I just reread Charlie Hall's article in the Sun Journal February 11, 2010. It sounds to me like portions of the letter (which I have never seen) legitimately constitute a personal grievance letter conveying allegations about Mr. Cahoon's treatment of her. Those portions probably must be handled as a personnel matter and may not be made public, even though person(s) unknown who were privy to the letter did release it to the press. This is apparently the basis for allegation number three of the Town Attorney's letter of February 25 to the District Attorney.

The bulk of the letter, judging from Mr. Hall's account, seems to deal with allegations of financial irregularities involving the Town's books. Those allegations deserved serious attention.

A major problem with the allegations is that, as our auditor pointed out last December, the Town has no effective computer software controls. At the time of Ms. Artley's letter, at least four individuals had access to the Town's Peachtree Accounting System software. I believe all four had unrestricted rights to change entries in the system.

So far as I know, that is still the case. There is no integrity to the Town's books.

That's why I recommended to three of the current commissioners as early as last January that they get to the bottom of the matter by causing a forensic accountant to take a close look at the accounting system to uncover what actually happened.

I think it was irresponsible not to do so.

Wednesday, March 3, 2010

Use it or Lose it II: Our Freedoms

Today's Pamlico News has a front page article reporting a case of alleged "cyber stalking" at Pamlico High School.

It's hard to tell from the report, but it seems as though some students at the High School created an entry on a social networking site pretending to be the targeted school official, and advocated obviously absurd actions on the part of students. It's hard to say what the content of the site was which so offended officials, since the site has been removed.

The great mystery is why school officials chose to make this a criminal matter. It seems as though the students in question intended the site to be a parody or satire.

It might have been used as a "teachable moment." It is now a wasted opportunity. Lawyers are involved. Too late.

A classroom discussion might have examined and discussed the literary history of satire, beginning with Jonathan Swift's "Modest Proposal." It might have examined acceptable boundaries of satire and parody. It might have examined issues related to the internet.

Classes studying History, Government and Civics might have examined the First Amendment to the Constitution of the United States. This is one of the fundamental sources of our freedoms, that seems no longer as valued as it once was. In a 2005 study, high school students seemed to favor more government censorship. The First Amendment Center conducts an annual study, that unfortunately reveals widespread ignorance about and lack of commitment to this most basic freedom. The James L. Knight Foundation conducts detailed studies about the future of the First Amendment. The results aren't reassuring.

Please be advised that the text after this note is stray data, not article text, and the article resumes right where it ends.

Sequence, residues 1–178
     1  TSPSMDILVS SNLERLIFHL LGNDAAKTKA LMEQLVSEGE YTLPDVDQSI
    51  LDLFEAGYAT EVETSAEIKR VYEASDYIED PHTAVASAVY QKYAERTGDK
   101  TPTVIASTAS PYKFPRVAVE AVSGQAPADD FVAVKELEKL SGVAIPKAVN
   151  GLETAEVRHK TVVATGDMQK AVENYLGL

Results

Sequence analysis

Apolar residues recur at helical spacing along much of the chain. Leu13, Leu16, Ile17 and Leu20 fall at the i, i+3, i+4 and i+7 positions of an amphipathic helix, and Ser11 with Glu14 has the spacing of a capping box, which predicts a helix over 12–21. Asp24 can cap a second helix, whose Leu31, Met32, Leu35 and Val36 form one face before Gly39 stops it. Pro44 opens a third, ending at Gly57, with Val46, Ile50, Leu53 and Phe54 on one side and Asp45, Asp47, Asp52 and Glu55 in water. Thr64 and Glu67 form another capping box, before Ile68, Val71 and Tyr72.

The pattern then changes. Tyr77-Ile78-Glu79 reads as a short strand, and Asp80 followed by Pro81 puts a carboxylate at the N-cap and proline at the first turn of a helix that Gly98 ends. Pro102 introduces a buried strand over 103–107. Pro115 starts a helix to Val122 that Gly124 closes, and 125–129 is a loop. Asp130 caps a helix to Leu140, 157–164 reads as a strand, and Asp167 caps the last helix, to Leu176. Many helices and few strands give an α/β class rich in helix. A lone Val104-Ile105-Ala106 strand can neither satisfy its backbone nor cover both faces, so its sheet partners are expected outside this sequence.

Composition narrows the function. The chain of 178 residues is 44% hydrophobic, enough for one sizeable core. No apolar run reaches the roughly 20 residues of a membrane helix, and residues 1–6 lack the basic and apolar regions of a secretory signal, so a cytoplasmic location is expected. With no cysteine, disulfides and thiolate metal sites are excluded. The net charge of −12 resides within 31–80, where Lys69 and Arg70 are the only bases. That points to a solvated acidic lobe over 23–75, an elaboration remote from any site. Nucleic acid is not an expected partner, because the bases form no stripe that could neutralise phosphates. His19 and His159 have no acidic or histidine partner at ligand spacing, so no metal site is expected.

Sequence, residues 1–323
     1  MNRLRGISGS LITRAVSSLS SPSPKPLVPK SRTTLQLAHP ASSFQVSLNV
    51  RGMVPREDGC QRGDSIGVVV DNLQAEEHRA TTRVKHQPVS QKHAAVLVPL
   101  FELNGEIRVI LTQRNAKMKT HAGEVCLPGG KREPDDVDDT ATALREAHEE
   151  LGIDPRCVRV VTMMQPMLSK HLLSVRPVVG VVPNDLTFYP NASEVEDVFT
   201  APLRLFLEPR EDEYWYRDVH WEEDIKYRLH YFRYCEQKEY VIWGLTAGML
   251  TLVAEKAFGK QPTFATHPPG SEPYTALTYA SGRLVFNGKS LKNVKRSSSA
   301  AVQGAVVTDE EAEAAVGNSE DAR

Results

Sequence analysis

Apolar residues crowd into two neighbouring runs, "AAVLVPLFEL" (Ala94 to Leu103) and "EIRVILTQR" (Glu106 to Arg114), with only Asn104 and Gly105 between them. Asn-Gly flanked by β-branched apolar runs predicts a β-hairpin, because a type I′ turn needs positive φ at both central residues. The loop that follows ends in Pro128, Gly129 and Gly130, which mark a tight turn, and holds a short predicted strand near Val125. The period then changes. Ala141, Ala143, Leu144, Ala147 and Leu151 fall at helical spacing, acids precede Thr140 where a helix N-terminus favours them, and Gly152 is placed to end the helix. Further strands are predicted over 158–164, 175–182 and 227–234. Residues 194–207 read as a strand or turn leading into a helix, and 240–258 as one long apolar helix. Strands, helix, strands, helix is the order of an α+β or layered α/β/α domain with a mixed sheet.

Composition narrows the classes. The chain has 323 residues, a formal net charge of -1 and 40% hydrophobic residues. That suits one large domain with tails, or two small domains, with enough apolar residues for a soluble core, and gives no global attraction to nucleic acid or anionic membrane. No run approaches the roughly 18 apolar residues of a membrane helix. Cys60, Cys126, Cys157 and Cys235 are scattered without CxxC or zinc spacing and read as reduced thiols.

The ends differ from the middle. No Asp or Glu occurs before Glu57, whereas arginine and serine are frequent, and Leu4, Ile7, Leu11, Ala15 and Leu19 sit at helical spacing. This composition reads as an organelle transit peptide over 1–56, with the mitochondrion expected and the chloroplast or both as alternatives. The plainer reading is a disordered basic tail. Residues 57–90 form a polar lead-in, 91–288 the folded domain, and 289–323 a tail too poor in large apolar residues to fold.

It doesn't help when people in authority get carried away.

About forty years ago, many young Americans wore T-Shirts emblazoned with the slogan: "Question Authority."

In a democracy, that's an essential practice.

Saturday, November 21, 2009

Knock Knock

No, this isn't a joke. Earlier this evening, I heard an insistent and unfamiliar knock. When I opened the door, I was met by a Sheriff's deputy who handed me a yellow document. It was a summons in the case of Tony Tharp and versus the Town of Oriental, William R. Sage, et al. I am one of the et al, along with the town manager and the other members of the outgoing Town Board.

I can't say I was surprised. I have been reading about the suit on Mr. Tharp's new website, PamlicoToday. According to that site, "Tharp is representing himself in the lawsuit against the town. Oriental attorney Scott Davis is likely to get the job of defending the town. Without the suit even being filed, Davis already has billed the town about $300 for telephone consults on PamlicoToday.Com's pending lawsuit."

I wonder how he came to that conclusion.

Being sued, even in an official capacity, is no fun. I would readily decline the honor, if the opportunity arose.

I welcome the reappearance of Mr. Tharp as an active journalist focusing on Pamlico County events. He has in the past covered matters that needed covering, when no one else would. I leave it to the judge to rule on the merits of the case put forth by Mr. Tharp and his client (Mr. Tharp).